That was the third David, my lover. He intrigued me much more than the other two. He was neither sophisticated nor imaginative, but he was wildly eager. He’d grab and hold me so tight, whispering my name, that I knew for certain that it was me and only me he wanted; a reasonable facsimile would not do. And I lusted for him. My greed for David was nearly boundless. Sometimes I became irritable when urbane David or David my friend intruded. I wanted to shoo them off, so my lover would be free to throw me on the bed. I dreamed of his body, not his mind, not his character. Even when we were finished and I was satisfied to the point of near paralysis, my imagination pulled him inside me again and again.
“David,” I said late one night, “Lynn was the biggest jerk who ever lived.”
He eased the pillow out from under my hips, fluffed it, and placed it under my head. “Do you want to hear something odd?” I nodded. “Lynn made a pass at me about a year ago.” Although the lights were dim, I could tell he was blushing. “I was up in Connecticut, waiting for the children to get their things together. They’re never ready. I was sitting at the kitchen table, having a cup of coffee with Lynn, chatting. We’re reasonably amicable. Well, all of a sudden, I felt something. It was her hand on the inside of my thigh, very high up. And she said, in a low, seductive voice that sounded nothing like her, ‘I’m taking a seminar at Hunter.’”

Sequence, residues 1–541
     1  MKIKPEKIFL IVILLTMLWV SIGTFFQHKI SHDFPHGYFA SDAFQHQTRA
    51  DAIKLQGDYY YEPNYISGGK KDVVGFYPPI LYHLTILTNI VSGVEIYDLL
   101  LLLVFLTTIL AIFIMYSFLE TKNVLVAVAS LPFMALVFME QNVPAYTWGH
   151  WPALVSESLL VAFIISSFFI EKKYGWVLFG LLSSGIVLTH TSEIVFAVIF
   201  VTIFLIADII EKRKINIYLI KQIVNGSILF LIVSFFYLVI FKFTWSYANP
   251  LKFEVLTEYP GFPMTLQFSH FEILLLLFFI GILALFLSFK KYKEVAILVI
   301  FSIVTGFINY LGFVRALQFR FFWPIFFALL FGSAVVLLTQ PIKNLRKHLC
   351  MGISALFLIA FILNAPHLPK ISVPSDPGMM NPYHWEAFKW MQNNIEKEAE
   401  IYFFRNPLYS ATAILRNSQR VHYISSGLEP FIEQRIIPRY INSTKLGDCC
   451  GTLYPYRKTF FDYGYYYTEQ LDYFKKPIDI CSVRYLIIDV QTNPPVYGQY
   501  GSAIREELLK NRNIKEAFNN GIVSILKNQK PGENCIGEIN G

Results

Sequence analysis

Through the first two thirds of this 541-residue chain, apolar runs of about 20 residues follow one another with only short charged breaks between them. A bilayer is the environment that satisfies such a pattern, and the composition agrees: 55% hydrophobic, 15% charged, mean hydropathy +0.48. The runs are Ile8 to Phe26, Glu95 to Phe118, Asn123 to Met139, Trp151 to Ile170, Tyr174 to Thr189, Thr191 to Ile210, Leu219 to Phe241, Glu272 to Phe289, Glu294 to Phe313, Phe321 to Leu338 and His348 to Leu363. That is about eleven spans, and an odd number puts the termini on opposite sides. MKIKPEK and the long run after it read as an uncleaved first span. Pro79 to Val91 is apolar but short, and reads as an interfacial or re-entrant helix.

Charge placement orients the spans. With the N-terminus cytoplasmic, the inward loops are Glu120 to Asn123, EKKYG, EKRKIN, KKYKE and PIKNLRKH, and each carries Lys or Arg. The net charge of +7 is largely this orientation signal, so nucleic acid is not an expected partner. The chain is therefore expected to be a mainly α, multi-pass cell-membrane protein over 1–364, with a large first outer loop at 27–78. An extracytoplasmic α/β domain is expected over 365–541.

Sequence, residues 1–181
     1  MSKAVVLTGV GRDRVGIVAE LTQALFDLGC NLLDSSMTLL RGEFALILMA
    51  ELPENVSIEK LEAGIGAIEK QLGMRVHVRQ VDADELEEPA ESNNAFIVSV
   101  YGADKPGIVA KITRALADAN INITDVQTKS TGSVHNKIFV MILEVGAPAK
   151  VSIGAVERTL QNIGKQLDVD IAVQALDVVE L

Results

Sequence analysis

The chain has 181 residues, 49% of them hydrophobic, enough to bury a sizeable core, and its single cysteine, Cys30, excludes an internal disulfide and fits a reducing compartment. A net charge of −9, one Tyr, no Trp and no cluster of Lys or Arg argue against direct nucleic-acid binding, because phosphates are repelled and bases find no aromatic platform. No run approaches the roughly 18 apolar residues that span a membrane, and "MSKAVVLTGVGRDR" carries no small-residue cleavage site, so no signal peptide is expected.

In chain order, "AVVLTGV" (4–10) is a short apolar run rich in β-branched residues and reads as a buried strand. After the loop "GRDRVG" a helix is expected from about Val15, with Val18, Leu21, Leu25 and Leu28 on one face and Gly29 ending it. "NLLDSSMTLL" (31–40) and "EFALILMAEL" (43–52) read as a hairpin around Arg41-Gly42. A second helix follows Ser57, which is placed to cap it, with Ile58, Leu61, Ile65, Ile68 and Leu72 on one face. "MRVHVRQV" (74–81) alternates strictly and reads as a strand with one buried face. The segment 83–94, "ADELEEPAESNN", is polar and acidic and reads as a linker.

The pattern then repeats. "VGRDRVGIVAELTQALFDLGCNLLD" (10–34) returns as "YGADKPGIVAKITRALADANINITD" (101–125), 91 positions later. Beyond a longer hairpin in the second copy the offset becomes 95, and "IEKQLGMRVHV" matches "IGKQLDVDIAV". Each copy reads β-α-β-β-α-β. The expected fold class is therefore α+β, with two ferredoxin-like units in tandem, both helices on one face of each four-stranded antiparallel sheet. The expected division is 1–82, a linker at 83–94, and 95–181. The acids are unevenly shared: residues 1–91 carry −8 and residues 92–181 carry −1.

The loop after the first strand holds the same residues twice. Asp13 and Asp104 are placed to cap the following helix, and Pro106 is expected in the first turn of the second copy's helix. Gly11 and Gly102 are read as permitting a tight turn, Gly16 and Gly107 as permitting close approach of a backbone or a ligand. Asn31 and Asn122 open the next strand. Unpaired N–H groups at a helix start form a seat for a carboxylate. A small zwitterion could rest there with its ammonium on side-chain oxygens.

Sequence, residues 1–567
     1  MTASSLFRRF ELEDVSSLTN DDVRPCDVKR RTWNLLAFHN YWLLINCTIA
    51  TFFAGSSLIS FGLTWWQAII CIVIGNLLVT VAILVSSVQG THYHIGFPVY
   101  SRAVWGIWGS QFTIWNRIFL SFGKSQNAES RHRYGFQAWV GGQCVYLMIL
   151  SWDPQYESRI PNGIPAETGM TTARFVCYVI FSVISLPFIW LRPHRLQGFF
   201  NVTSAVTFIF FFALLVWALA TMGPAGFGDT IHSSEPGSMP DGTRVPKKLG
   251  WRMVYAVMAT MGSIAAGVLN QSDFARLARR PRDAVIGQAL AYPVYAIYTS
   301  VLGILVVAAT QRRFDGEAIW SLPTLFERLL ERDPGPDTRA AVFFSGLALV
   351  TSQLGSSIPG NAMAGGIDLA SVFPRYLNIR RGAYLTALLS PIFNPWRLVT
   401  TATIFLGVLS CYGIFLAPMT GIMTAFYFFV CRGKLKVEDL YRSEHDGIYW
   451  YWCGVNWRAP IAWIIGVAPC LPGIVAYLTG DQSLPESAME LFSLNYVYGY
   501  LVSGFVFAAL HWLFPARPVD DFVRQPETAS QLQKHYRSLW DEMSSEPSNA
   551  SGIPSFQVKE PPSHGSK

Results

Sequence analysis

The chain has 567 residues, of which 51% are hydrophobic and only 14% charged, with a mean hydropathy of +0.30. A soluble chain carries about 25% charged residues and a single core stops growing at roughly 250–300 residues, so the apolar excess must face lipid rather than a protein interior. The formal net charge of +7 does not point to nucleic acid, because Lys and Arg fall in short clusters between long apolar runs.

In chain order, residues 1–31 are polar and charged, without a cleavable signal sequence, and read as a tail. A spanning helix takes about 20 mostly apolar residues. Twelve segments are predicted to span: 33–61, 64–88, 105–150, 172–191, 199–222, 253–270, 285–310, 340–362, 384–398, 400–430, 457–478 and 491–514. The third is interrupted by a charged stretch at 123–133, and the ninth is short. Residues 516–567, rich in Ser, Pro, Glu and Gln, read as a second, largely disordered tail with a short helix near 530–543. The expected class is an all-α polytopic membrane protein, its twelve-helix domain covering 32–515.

“What did you say?”
“I said ‘oh’ or some such thing. And then she said, ‘I’ll be in town every Thursday, David. We could have lunch.’”
“Of course not. Besides, I was seeing someone else.”
David had had several romances after Zurich, but the most serious was an eight-month-long affair with a woman he had met while riding in Central Park.